How taking probiotics can prevent intestinal parasites
Even as you sleep, your gut microbiome is always working for you: creating vitamins, educating your immune system, and fighting off potential infections – including intestinal parasites.
Parasite infection is more common than you think: if you’ve ever known someone who came down with beaver fever after a week at the cottage, you’ve encountered parasites. Giardia, the parasite that causes beaver fever, can cause infection after consuming untreated lake water; symptoms such as diarrhea, cramping and fatigue usually show up two weeks post-exposure.
Pinworm is another common parasite that can be very persistent: the worms lay eggs around the anus that can live on skin or surfaces for up to two weeks. Another common and interestingly controversial parasite is blastocystis hominis. There is so much we don’t know about this organism, including how it spreads – although it is thought that daycare environments and exposure to animals may increase risk. It is also found in the guts of those without symptoms, leading researchers to question whether the bloating, diarrhea or constipation that is attributed to blastocystis hominis is in fact caused by another organism3.
Bacteria vs Parasites
When you’re exposed to these parasites, is infection inevitable? It would appear that it depends on your microbiome. For example, helminths were once common in the human microbiome but are now rarely seen – and some researchers believe that without them, our immune systems are more hyper-reactive1. Likewise, exposure to giardia doesn’t always cause symptomatic infection1. While much is still unknown, it is thought that the ability of gut microbes to strengthen the mucus barrier of the gut helps prevent parasites from causing infection1. Lab studies also suggest that gut bacteria excrete substances that kill parasites, along with providing competition for space and resources1,3. In fact, in one human trial, there was noted similarities in the gut microbiota of people with parasite infection – even if they lived in different regions2. Similarly, despite living in regions far apart, the guts of those who were able to fight off parasite infection showed similar microbes2.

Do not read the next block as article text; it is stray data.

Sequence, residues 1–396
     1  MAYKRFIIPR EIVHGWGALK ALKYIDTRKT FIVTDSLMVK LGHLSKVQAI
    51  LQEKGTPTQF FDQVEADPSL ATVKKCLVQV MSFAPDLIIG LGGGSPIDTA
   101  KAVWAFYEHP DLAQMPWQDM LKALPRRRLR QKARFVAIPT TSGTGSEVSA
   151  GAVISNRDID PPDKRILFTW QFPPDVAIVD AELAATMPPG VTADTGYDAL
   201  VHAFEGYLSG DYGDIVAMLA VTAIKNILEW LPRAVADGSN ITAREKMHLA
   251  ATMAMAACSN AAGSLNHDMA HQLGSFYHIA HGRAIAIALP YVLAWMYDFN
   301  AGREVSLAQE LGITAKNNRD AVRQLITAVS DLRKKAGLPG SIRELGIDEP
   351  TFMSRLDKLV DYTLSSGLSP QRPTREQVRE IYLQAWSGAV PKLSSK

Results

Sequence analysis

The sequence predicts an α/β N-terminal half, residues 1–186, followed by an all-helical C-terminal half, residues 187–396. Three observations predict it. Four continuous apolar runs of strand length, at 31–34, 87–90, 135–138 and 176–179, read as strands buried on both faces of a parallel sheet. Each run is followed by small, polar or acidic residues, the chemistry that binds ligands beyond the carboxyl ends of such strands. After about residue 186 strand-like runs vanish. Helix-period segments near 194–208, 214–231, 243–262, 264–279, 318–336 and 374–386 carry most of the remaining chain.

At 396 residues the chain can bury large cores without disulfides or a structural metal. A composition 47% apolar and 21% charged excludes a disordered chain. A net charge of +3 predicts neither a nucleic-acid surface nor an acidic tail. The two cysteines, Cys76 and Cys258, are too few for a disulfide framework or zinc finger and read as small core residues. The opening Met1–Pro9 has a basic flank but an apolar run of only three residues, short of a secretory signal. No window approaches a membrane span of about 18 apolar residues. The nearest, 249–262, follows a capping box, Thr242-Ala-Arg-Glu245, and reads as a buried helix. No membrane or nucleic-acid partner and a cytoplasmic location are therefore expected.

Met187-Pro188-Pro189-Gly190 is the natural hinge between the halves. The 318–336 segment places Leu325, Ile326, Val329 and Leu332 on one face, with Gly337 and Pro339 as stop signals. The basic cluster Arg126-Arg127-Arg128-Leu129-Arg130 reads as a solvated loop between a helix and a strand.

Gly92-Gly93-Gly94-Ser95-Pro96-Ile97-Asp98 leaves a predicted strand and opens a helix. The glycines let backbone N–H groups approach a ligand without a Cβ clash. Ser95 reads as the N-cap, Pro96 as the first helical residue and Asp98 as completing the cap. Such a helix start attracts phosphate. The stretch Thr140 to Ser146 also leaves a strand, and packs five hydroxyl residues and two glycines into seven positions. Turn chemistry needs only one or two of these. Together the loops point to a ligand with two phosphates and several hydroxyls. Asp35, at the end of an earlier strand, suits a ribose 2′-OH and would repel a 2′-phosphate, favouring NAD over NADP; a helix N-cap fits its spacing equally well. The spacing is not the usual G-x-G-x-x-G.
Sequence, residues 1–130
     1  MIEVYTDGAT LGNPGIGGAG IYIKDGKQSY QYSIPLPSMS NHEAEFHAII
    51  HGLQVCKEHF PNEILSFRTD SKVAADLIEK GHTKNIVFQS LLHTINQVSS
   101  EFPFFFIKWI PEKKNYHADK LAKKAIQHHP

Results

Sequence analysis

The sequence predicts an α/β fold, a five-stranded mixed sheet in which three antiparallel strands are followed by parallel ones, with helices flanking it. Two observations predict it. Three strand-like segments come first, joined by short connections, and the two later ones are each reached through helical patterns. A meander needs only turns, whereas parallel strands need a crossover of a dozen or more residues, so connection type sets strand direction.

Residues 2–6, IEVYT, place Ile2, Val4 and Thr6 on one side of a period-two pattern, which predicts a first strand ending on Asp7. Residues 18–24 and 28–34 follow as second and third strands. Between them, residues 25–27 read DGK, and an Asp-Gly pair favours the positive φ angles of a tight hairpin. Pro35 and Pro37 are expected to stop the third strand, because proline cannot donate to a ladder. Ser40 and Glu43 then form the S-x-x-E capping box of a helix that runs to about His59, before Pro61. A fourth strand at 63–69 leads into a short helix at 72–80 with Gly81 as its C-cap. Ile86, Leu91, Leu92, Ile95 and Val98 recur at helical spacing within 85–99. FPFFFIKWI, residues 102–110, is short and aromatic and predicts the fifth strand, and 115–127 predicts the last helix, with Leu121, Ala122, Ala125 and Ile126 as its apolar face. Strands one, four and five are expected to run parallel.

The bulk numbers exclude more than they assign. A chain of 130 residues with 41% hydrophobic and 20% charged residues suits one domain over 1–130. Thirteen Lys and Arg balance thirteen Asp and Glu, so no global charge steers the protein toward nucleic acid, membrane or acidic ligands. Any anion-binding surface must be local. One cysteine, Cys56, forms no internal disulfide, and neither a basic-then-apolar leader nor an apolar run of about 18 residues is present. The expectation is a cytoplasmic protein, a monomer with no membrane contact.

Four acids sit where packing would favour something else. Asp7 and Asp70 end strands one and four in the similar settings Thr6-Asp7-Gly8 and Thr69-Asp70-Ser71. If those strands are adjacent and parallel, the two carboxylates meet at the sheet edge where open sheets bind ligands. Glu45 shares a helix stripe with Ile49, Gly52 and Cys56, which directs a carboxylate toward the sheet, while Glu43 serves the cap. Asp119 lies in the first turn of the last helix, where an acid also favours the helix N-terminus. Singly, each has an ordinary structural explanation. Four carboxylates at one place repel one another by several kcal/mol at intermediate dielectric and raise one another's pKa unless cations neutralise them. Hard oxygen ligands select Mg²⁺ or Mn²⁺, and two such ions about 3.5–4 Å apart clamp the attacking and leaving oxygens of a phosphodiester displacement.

Early laboratory trials suggest that probiotics may help reduce risk of, and assist in fighting off, some parasitic infections3. It has been shown that certain probiotics can help get rid of potentially infectious organisms, while strengthening the mucus barrier of the gut and supporting our immune defenses3.
Strength in Numbers
While the research is underway, there is no harm in aiming to strengthen your intestinal microbiome now. A healthy gut microbiome is a diverse one. To get there, you need to build the right environment. A clinical strength probiotic, such as Bio-K+, helps to foster a healthy and balanced microbial community – in fact, you may not know this, but taking a probiotic doesn’t just add beneficial bacteria to your gut, it helps foster the growth of the beneficial bacteria you already have3.
And once those good bacteria are in place, you need to feed them well. Our modern diets, low in fibre and high in salt, sugar and fat tend to have a negative effect on our gut microbiomes, encouraging the growth of more pro-inflammatory strains such as certain E.coli strains. Eating a variety of high fiber plant foods such as vegetables, whole grains and legumes provide non-digestible carbohydrates that drive fermentation and keep your gut microbes happily fed.
Intestinal parasite infection is more common than you think; if you are experiencing symptoms such as watery diarrhea, cramping or severe bloating, don’t wait. Go see your doctor right away. Of course, an ounce of prevention is worth a pound of cure. When you’re feeling well, help strengthen your defenses by eating well and taking a daily dose of Bio-K+ probiotic drinks or capsules.
Do you have any other questions about your gut health? Ask us in comments below. If you are looking to stock up on Bio-K+, head to our store locator. For more information on Bio-K+, probiotics and digestive health, contact us, find us on Facebook and Instagram or join our community.
- Leung, Jacqueline M et al. “Parasite-Microbiota Interactions With the Vertebrate Gut: Synthesis Through an Ecological Lens” Frontiers in microbiologyvol. 9 843. 14 May. 2018, doi:10.3389/fmicb.2018.00843
- Rosa, Bruce A et al. “Differential human gut microbiome assemblages during soil-transmitted helminth infections in Indonesia and Liberia” Microbiomevol. 6,1 33. 28 Feb. 2018, doi:10.1186/s40168-018-0416-5
- Vitetta, Luis et al. “Modulating the Gut Micro-Environment in the Treatment of Intestinal Parasites” Journal of clinical medicinevol. 5,11 102. 16 Nov. 2016, doi:10.3390/jcm5110102